An R-rated animated film; how hilarious, right??  I agree, I was interested in that gimmick…. until I watched it.  Its vulgar for the sake of being vulgar, without any level of cleverness to it when there was a lot of opportunity to be.  I saw glimpses of the wit that could have derived from an ‘adult Pixar” cartoon about anthropomorphized food; the Saving Private Ryan spoof was an example, but most of the time they just reverted to saying fuck a lot and making some sort of broad sex joke.  Now, to be far they did have something to say outside their foulness; they were making a commentary on religion that I admit many people could get something out of.  But not me; I hated this movie.  I was hoping for something a lot more interesting and a lot… well… funnier.  But crudeness doesn’t equal funny for me, so that is why this failed.



Okay, here we go.

I’m a big Star Wars fan, and if you are a regular reader on my site (if I even have any of those) you will likely know this.  Last year I fell in love with The Force Awakens as it recaptured the magic of Star Wars.  This year we got the first of the Star Wars stand-alone spin-offs with Rogue One.  Now in full disclosure, I haven’t been 100% on board with the idea of these spin-off films, so I wasn’t as excited about Rogue One as many others.  Nonetheless…  boy, was I disappointed with this movie.

The best way I can encapsulate my feelings about why I ultimately didn’t like this movie that it seems I should have loved, is because it just seemed to me to be nothing more than imitation Star Wars.   From the music which seemed like b-side tracks of John Williams, to the half-hearted portrayal of the rebel alliance, to the poor decisions of CGI Tarkin and a bunch of other ridiculous cameos, this felt like glorified fan fiction.  (They even tried to retcon the idea of the thermal exhaust port as the weakness of the death star, since many have come to think its ridiculous after 40 years of reflection. )  But most of all, it didn’t “feel” like Star Wars.

The Force Awakens felt like Star Wars.  The sense of adventure was there, the tone was just right, the characters were easy to latch on to.  Rogue One is supposed to be something different, I get that, but it should still be Star Wars.  Otherwise, why bother?  Just make a different movie.    I worry that all these stand-alones are going to have the same sort of identity crisis.  I just really hope it doesn’t seem into the saga proper with Eps 8 & 9.

The characters were a big part of why this movie didn’t work.  There really weren’t any characters that had the same appeal as Finn and Rey.  Jyn was promised to be some great, rebellious heroine, but instead she didn’t really have a whole lot going on.  She was haphazardly thrown in with a group of characters so unmemorable I don’t know many of their names and just refer to them as ‘the blind guy, ‘the blind guy’s friend” and “that imperial guy they rescued”.  And the less said about Forrest Whitaker’s Sol Gurerra character the better.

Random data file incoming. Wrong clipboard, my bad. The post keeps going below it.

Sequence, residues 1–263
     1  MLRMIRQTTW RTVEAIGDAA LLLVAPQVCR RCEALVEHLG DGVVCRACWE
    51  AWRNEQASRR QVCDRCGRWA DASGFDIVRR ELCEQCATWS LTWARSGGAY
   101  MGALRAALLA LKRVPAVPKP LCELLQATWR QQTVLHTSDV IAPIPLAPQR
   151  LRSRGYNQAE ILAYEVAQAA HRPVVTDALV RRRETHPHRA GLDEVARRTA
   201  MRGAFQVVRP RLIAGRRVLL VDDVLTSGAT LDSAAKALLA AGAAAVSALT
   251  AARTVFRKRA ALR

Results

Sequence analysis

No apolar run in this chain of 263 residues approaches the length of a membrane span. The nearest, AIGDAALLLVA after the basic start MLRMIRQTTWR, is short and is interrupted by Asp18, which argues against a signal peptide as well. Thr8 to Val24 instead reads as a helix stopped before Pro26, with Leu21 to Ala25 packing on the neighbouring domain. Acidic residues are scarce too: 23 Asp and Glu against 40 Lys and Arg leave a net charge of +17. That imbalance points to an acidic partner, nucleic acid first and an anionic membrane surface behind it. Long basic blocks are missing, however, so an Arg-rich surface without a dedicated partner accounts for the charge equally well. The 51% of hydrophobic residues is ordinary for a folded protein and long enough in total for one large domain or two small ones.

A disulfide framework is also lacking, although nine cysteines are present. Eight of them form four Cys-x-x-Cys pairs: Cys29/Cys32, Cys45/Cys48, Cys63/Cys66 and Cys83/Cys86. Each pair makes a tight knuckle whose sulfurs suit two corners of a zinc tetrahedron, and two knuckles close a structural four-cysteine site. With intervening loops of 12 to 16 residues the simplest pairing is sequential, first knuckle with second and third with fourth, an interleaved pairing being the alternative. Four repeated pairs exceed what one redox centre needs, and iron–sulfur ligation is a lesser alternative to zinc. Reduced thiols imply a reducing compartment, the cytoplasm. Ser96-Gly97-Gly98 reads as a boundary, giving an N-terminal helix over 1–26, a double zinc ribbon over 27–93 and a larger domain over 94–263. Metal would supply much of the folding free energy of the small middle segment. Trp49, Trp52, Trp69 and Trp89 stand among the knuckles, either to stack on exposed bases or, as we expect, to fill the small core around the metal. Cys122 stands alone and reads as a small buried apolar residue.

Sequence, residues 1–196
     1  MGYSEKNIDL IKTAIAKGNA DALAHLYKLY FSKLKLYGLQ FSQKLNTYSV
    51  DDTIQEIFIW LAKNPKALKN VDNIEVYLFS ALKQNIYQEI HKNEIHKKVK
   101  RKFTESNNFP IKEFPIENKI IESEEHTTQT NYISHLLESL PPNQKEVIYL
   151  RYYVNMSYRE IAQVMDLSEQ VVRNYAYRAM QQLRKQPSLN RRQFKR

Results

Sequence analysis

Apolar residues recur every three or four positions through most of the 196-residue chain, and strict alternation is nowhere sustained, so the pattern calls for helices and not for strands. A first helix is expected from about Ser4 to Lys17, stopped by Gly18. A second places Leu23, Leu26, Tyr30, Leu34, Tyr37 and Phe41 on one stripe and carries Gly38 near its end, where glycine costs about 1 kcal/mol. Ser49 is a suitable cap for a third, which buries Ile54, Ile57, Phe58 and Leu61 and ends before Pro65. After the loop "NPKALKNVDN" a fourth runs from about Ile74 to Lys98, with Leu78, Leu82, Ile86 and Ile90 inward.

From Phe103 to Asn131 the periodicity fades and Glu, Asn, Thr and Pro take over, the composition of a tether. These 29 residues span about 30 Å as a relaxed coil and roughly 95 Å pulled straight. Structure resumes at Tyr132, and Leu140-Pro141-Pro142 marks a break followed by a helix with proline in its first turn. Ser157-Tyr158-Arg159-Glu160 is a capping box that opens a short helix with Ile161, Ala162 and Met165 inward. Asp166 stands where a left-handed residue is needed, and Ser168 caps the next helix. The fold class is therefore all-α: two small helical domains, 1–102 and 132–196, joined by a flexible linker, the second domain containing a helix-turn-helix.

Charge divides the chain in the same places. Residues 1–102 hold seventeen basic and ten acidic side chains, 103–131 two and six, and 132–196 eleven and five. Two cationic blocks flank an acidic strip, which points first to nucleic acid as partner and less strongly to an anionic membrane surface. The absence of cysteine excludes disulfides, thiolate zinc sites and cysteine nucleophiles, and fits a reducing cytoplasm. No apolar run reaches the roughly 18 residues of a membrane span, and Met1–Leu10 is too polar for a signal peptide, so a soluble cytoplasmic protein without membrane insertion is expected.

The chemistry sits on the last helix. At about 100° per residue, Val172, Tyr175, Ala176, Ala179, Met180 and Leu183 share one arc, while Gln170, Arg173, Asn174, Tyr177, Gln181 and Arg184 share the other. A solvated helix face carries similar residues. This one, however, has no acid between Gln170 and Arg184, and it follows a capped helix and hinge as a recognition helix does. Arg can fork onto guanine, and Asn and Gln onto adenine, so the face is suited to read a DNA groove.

There were some interesting images in this movie and some strong moments.  The production value is meticulously crafted.  The scene I’m sure everyone is chatting bout is the Vader scene at the end.  Yes, it was pretty awesome.  It was also less than one minute of the film.

Throughout most of the movie I was either baffled at the tonal choices made, rolling my eyes the obvious fan pandering being thrown in (“I’m with the Force, the Force is with me? cmon!), or simply bored with what was going on.  it picked up near the end, but it was hard to garner tensions from me as I knew the plans would get away alright.    But I’m obviously in the minority.  My friends started praising the film as we walked out of the theater, so I just stayed silent about it.  I’m glad its working for so many Star Wars fans out there, I just wish it worked for me as well.  Now I’m pinning my hopes of Episode 8.

I hate giving this rating but… 5/10


Time for the first of my end-of-the-year lists, the likes of which are dotting movie blogs all over the net I am sure.  We start with the movies I am most looking forward to in 2017.  Granted, most are going to be the big budget/superhero movies because those are the ones we usually know about ahead of time.  Whether they live up to expectations we have yet to see.  So here are the ones I am excited for as of this moment.

5. Thor Ragnarok


Thor 2 didn’t thrill me much, but I am still looking forward to this third installment nonetheless, mostly because I have heard rumours that the Hulk will show up.  Also, the prophetic title is intriguing.

4. Dunkirk


Dunkirk looks like it may very well be another WWII film in the vein of Saving Private Ryan and may not have much new to add to the war film landscape.  But Nolan as the director has me interested to see if we may just get more than the usual.

3. Guardians of the Galaxy Vol. 2


I really enjoy Guardians of the Galaxy and I feel Marvel did a great job of giving us a separate piece of their universe that feels unique and exciting, with some great characters to boot.  I’m eager to see those characters interacting once again and to see this wacky space world expanded upon.